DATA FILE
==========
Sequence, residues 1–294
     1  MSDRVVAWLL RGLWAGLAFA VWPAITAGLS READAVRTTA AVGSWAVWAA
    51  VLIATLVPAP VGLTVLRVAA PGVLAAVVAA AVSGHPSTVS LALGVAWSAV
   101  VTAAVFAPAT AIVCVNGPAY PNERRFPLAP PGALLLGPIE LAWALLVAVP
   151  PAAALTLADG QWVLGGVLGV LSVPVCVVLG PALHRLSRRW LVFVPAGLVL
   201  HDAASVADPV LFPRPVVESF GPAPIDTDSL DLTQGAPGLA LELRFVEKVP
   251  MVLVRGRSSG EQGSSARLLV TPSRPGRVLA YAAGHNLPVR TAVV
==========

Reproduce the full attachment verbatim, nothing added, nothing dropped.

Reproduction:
Sequence, residues 1–294
     1  MSDRVVAWLL RGLWAGLAFA VWPAITAGLS READAVRTTA AVGSWAVWAA
    51  VLIATLVPAP VGLTVLRVAA PGVLAAVVAA AVSGHPSTVS LALGVAWSAV
   101  VTAAVFAPAT AIVCVNGPAY PNERRFPLAP PGALLLGPIE LAWALLVAVP
   151  PAAALTLADG QWVLGGVLGV LSVPVCVVLG PALHRLSRRW LVFVPAGLVL
   201  HDAASVADPV LFPRPVVESF GPAPIDTDSL DLTQGAPGLA LELRFVEKVP
   251  MVLVRGRSSG EQGSSARLLV TPSRPGRVLA YAAGHNLPVR TAVV